There were 16,128 households, out of which 6,493 (40.3%) had children under the age of 18 living in them, 10,523 (65.2%) were opposite-sex married couples living together, 1,675 (10.4%) had a female householder with no husband present, 742 (4.6%) had a male householder with no wife present. There were 580 (3.6%) unmarried opposite-sex partnerships, and 111 (0.7%) same-sex married couples or partnerships; 2,469 households (15.3%) were made up of individuals and 1,185 (7.3%) had someone living alone who was 65 years of age or older. The average household size was 2.93. There were 12,940 families (80.2% of all households); the average family size was 3.23.

The population was spread out with 11,948 people (25.0%) under the age of 18, 3,912 people (8.2%) aged 18 to 24, 10,496 people (22.0%) aged 25 to 44, 15,555 people (32.5%) aged 45 to 64, and 5,900 people (12.3%) who were 65 years of age or older. The median age was 41.3 years. For every 100 females, there were 97.1 males. For every 100 females age 18 and over, there were 94.5 males.

There were 16,715 housing units at an average density of 426.8 per square mile (164.8/km²), of which 12,000 (74.4%) were owner-occupied, and 4,128 (25.6%) were occupied by renters. The homeowner vacancy rate was 1.1%; the rental vacancy rate was 5.5%. 35,111 people (73.4% of the population) lived in owner-occupied housing units and 12,150 people (25.4%) lived in rental housing units.


According to the census of 2000,[25] there were 48,044 people, 15,467 households, and 12,868 families residing in the city. The population density was 1,224.8 inhabitants per square mile (473.0/km²). There were 15,714 housing units at an average density of 400.6 per square mile (154.7/km²). The racial makeup of the city was 82.85% White, 7.46% Asian, 1.67% African American, 0.48% Native American, 0.28% Pacific Islander, 3.27% from other races, and 3.99% from two or more races. Across all races 10.35% are Hispanic or Latino.[26]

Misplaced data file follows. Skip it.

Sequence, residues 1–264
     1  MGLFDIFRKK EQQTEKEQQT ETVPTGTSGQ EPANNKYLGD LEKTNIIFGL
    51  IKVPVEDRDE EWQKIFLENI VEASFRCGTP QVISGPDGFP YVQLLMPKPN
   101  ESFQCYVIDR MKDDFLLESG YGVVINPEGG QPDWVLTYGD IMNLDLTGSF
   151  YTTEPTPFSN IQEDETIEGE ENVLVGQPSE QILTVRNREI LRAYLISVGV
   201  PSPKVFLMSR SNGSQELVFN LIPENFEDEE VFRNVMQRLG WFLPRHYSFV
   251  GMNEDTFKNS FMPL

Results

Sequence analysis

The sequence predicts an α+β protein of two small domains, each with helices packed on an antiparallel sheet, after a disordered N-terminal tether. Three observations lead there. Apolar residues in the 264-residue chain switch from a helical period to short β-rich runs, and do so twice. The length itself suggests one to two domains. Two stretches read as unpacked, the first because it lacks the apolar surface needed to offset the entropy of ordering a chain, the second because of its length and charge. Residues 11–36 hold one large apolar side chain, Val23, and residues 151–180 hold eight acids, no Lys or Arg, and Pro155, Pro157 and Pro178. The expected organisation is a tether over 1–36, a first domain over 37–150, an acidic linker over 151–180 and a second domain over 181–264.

There were 15,467 households out of which 47.0% had children under the age of 18 living with them, 68.8% were married couples living together, 10.5% have an unmarried female householder, and 16.8% were non-families. Of all households12.6% were made up of individuals and 4.7% had someone living alone who was 65 years of age or older. The average household size was 3.08 people and the average family size was 3.35 people.

In the city, the population was spread out with 30.7% under the age of 18, 7.1% from 18 to 24, 28.1% from 25 to 44, 25.5% from 45 to 64, and 8.6% who were 65 years of age or older. The median age was 37 years. For every 100 females, there were 97.0 males. For every 100 females age 18 and over, there were 93.9 males.